Ok, so you have an SMTP server you want to use with your WordPress to send emails. It’s a good idea, since WordPress, out-of-box, sends emails using the web server which is a really bad choice.

BTW, if you don’t know how WP sends emails and you have a WP-based site, you need to read “How WordPress Fails to Send Emails“.

If you’re a common WP user you can select one of the many SMTP plugins. To say a couple of names, WP Mail SMTP or Fluent SMTP.

But you’re not a common WP user, right? You want to super-optimize everything and another plugin to install is not what you want.

Here we are: you already have them but a little reminder doesn’t hurt:

  • the SMTP server hostname
  • the protocol (TLS, SSL) and port
  • the username
  • the password

and those lines of code to put in a file named smtp.php and uploaded to the folder wp-content/mu-plugins.

add_action('phpmailer_init', function($mailer) {
	$mailer->Host ='your.smtp.com';
	$mailer->Port = 587;
	$mailer->SMTPSecure = 'tls';
	$mailer->SMTPAutoTLS = true;
	$mailer->SMTPAuth = true;
	$mailer->Username = 'a username';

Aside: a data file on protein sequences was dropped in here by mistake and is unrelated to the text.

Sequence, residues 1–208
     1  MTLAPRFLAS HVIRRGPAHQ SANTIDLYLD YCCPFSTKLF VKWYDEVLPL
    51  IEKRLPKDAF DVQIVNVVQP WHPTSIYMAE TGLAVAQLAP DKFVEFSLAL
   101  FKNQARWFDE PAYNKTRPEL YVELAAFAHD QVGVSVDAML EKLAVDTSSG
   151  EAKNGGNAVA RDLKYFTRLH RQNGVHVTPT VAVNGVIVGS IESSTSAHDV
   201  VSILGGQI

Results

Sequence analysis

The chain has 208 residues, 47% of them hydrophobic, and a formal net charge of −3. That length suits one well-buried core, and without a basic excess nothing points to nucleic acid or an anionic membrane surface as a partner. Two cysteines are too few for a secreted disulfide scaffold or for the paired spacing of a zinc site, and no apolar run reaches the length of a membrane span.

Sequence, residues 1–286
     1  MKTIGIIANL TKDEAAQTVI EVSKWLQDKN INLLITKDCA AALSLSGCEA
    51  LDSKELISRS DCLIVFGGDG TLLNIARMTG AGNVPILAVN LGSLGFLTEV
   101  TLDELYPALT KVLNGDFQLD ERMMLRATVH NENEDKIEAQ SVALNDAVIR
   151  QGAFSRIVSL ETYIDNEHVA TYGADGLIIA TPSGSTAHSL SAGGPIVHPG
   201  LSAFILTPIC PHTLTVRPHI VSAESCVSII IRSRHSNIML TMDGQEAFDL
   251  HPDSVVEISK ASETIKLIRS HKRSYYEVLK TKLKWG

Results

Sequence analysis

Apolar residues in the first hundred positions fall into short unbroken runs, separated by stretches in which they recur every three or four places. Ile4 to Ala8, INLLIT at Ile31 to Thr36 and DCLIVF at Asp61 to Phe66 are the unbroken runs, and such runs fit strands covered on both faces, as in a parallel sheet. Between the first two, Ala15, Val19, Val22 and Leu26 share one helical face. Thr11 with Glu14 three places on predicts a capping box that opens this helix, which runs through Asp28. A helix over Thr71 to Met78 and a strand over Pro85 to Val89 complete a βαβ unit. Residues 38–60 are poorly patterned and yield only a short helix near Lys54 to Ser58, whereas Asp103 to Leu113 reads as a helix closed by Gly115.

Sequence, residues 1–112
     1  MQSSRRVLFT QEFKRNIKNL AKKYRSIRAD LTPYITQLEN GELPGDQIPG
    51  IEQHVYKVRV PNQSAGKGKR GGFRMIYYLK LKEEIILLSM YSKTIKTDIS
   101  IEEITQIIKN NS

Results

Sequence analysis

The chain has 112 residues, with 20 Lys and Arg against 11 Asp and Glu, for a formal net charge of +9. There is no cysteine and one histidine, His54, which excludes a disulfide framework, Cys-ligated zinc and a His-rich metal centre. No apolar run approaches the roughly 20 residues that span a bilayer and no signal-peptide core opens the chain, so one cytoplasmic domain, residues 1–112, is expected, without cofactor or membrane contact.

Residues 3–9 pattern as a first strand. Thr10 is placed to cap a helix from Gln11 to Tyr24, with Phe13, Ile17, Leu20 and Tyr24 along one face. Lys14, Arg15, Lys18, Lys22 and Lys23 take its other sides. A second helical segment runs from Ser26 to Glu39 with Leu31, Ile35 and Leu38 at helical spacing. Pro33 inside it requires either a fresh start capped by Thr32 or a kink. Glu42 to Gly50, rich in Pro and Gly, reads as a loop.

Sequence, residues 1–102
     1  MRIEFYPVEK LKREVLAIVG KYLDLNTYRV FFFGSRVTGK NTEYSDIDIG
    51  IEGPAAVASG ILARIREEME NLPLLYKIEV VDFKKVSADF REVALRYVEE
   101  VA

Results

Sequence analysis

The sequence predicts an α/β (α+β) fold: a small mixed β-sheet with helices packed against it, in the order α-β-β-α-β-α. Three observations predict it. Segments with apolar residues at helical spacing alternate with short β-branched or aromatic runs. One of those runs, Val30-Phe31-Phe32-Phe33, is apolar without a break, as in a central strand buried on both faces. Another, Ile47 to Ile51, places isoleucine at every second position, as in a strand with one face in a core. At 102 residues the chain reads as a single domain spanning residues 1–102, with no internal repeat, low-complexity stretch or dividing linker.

$mailer->Password = 'a password';

I hope I don’t have to explain how it works, if you have doubts or you can’t understand it, please don’t add it to your site!

How it works


WP has a function, wp_mail(), used by everyone to send emails. This function uses the PHPMailer library shipped with WP.

When it’s time to send something, WP fires a filter for a PHPMailer instance giving the chance to other plugins to change it (reconfigure, replace, …, there are a lot of good and bad things one can do).

The code above just attaches a function to that filter and reconfigures the PHPMailer to use and SMTP… easy. Adding the code in a file inside the folder mu-plugins, as you probably already know, creates a “must-use” plugin that is always loaded by WP (and cannot be removed without deleting the file.

Photo by Vlada Karpovich

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